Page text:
National Parks Services Facing $11.9 Billion in Maintenance Backlog

The largest backlogs are in California, Washington, D.C. and Virginia. More than half of the total financial need is deferred projects for paved roads

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More than $11 billion of repairs or maintenance on roads, buildings, utility systems, and other structures and facilities across the National Park System has been postponed for more than a year due to budget constraints. Collectively they are known as “deferred maintenance.” Addressing deferred maintenance is a critical focus area of our core mission to preserve parks and provide a world-class visitor experience.

In addition to increased funding for construction and deferred maintenance projects, the Fiscal Year (FY) 2019 budget includes a legislative proposal to establish a Public Lands Infrastructure Fund that would help address deferred maintenance needs in the National Park System. With adequate funding and proper investment, deferred maintenance can be reduced to a manageable level.

Last week, U.S. Sen. Lisa Murkowski, R-AK, today chaired a hearing of the Energy and Natural Resources Committee to examine deferred maintenance needs and potential solutions on federal lands administered by the three major land management agencies within the Department of the Interior—the National Park Service (NPS), the Bureau of Land Management (BLM), and the U.S. Fish and Wildfire Service (FWS)—as well as the USDA Forest Service (FS).

Murkowski opened by acknowledging the magnitude of deferred maintenance problem.

“These four agencies face a combined deferred maintenance backlog totaling $19.4 billion, an overwhelming amount that covers everything from direct visitor experiences to projects that will never be noticed by the average family,” Murkowski said. 

Murkowski noted that while the National Park Service and recreation are major drivers of the discussion over deferred maintenance, agency backlogs also impact the economic prosperity and public safety of nearby communities. 

“In many cases, roads, bridges, wastewater systems, and other federal assets are intertwined with the needs of local communities,” Murkowski said. “Counties and boroughs have an obligation to ensure the safety of their citizens and the vitality of their local economy. And that means the infrastructure they share with their federal neighbor, which includes roads used by first responders, must be well-maintained.”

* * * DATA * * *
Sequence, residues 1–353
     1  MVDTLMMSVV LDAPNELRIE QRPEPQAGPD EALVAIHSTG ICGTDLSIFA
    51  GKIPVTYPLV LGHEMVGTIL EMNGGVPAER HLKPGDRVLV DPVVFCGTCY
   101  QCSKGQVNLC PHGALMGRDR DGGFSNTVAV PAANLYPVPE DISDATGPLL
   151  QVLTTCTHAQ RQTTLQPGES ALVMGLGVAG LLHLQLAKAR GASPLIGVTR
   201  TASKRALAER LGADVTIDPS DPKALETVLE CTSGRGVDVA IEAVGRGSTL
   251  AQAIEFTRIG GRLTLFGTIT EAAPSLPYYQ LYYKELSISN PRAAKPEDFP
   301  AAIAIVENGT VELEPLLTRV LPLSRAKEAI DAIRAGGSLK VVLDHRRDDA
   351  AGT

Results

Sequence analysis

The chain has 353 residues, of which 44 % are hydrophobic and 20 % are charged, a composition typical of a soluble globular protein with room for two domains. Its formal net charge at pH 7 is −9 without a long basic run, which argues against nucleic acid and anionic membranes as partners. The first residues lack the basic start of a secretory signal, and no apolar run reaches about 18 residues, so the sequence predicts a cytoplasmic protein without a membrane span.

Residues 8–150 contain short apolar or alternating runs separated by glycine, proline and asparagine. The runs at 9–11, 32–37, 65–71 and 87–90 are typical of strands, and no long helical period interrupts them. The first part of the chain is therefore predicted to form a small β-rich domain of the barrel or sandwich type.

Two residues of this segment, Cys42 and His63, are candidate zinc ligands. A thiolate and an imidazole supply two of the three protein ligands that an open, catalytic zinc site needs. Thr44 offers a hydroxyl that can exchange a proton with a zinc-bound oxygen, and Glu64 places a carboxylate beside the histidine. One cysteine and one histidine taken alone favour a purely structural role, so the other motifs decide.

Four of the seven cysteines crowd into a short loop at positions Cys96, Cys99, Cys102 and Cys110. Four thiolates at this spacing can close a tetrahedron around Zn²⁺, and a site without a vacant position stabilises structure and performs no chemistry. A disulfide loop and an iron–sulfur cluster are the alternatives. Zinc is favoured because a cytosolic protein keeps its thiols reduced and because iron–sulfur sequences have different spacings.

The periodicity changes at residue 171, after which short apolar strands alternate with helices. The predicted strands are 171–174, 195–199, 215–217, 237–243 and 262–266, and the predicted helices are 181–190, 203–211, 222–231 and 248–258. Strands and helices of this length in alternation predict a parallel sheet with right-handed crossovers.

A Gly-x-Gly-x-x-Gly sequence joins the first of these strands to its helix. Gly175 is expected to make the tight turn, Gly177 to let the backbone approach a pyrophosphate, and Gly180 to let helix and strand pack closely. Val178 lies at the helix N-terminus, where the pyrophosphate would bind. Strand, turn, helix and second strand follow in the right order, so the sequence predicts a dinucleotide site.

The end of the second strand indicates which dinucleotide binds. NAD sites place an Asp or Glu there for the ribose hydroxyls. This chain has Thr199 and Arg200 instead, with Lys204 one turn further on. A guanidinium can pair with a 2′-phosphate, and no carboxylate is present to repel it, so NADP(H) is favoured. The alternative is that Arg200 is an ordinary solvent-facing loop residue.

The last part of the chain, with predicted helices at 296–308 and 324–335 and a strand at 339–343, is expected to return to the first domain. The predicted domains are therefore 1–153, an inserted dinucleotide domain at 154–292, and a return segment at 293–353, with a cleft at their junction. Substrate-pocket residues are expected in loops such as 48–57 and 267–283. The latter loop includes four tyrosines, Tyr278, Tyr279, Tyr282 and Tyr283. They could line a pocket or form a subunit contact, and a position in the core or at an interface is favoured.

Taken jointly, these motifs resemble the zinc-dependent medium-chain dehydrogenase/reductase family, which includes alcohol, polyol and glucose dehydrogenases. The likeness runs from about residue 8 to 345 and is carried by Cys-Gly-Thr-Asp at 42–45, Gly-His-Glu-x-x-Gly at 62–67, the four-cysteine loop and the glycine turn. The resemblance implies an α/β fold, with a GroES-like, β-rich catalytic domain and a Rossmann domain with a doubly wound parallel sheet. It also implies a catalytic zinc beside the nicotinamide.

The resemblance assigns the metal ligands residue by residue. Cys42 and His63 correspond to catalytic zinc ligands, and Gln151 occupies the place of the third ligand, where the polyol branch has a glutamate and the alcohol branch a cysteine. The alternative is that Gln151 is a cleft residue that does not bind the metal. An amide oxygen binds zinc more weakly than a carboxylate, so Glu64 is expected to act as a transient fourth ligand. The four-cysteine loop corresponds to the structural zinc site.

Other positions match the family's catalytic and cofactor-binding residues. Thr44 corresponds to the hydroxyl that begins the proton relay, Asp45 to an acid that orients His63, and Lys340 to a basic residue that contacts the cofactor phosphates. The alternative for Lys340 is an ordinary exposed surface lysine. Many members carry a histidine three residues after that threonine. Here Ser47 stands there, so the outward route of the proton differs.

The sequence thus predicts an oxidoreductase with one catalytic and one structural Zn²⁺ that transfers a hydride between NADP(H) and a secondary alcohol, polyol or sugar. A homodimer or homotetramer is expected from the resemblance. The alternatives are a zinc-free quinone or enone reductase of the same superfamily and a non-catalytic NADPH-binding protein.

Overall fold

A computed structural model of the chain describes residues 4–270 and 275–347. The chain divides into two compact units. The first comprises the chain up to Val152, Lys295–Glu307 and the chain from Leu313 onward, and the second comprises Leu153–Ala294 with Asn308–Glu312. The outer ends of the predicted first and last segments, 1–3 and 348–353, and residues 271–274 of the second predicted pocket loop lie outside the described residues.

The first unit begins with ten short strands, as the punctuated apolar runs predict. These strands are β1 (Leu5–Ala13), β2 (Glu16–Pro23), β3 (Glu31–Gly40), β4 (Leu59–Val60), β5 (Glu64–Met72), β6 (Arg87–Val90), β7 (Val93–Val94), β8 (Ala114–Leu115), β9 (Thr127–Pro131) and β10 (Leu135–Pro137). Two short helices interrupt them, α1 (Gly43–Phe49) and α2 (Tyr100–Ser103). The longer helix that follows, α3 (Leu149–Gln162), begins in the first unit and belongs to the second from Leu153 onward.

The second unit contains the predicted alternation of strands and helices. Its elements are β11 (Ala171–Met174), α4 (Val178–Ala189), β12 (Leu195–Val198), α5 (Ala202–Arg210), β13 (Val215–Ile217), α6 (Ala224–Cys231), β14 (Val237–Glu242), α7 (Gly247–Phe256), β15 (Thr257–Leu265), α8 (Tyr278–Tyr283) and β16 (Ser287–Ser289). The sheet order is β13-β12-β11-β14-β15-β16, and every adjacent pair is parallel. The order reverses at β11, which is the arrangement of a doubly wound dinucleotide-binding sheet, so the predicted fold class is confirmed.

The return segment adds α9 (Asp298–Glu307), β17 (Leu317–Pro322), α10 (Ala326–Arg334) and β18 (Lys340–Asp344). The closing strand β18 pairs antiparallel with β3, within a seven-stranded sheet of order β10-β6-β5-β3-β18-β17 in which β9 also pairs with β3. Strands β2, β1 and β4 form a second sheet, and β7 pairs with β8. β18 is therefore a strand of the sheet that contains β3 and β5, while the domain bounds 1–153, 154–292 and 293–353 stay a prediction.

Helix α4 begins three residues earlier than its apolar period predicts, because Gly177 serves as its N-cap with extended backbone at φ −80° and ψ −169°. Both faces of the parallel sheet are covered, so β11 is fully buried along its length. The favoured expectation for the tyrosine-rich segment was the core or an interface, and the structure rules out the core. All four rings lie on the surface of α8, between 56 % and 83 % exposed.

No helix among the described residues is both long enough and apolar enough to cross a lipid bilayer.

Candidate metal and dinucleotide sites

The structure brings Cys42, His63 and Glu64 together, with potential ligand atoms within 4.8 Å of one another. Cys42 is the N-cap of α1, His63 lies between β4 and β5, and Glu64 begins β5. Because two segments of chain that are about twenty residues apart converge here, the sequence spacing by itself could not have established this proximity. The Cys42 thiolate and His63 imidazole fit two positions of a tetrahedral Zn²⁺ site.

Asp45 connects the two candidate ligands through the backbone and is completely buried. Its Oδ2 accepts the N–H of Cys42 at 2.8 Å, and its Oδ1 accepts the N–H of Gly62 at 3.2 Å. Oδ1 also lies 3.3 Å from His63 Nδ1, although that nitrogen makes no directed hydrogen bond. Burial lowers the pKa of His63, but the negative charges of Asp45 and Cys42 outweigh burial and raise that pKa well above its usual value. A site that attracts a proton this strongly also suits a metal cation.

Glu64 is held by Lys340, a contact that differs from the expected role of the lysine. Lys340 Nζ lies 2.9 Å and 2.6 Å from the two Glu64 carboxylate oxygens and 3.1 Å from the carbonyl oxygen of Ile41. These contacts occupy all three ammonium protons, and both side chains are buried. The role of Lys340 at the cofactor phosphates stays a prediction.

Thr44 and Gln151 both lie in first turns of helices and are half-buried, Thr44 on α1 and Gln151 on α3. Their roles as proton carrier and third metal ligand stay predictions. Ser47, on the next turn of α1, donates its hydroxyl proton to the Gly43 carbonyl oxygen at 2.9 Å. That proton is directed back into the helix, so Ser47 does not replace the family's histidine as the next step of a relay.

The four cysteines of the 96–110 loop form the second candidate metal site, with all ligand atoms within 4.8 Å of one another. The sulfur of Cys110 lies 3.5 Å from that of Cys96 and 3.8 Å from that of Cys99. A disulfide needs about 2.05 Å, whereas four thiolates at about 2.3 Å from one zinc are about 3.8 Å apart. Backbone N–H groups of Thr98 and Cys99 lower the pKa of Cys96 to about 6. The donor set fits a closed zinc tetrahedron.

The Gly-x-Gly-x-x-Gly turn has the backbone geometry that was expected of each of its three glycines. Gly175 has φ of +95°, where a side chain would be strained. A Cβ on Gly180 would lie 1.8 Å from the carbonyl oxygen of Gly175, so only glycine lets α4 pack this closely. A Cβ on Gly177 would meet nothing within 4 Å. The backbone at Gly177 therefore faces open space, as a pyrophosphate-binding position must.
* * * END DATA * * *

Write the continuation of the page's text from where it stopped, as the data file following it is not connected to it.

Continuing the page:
The Associate Chief of the Forest Service, Lenise Lago, testified to the important role of infrastructure for the National Forest System, stating that, “Infrastructure is the physical link between Americans and their public lands. It strengthens communities by giving them safe access to the many ecological, economic, and social amenities these lands provide…People depend on the Forest Service road network to get to schools, stores, hospitals, and homes. Perhaps most critically, forest infrastructure provides fire protection for communities.”

Liz Archuleta, a county supervisor from Coconino County, Arizona, testifying on behalf of the National Association of Counties, echoed Chairman Murkowski’s concerns, explaining that, “County governments, particularly in rural areas, are often first on the scene when a hiker is injured and must be rescued. When these access points fall into disrepair, it impacts the health and welfare of residents and public lands visitors,” Archuleta said.

The hearing featured testimony from a total of five witnesses representing a diverse group of stakeholders. In addition to witnesses from the Department of the Interior and the Forest Service, the committee heard from the recreation industry, county governments, and advocates of public land stewardship. Murkowski is chairman of the Committee on Energy and Natural Resources.


National Park Service (NPS) deferred maintenance increased by $313 million (about 2.7 percent) in fiscal year 2018 (from October 2017 to September 2018.) Deferred maintenance increased because needs exceeded our capacity to address the work.

As of September 30, 2018, deferred maintenance totaled $11.92 billion. It can be broken down into two categories:

  • Paved roads and structures: $6.15 billion
    • Includes bridges, tunnels, paved parking areas, and paved roadways
  • All other facilities: $5.77 billion
    • Includes buildings, housing, campgrounds, trails, waste water systems, water systems, unpaved roads, unpaved parking areas, utility systems, dams, constructed waterways, marinas, aviation systems, railroads, ships, monuments, fortifications, towers, interpretive media, and amphitheaters

An archived video of today’s hearing can be found on the committee’s website. Click here and here to view Murkowski’s questions for the witnesses.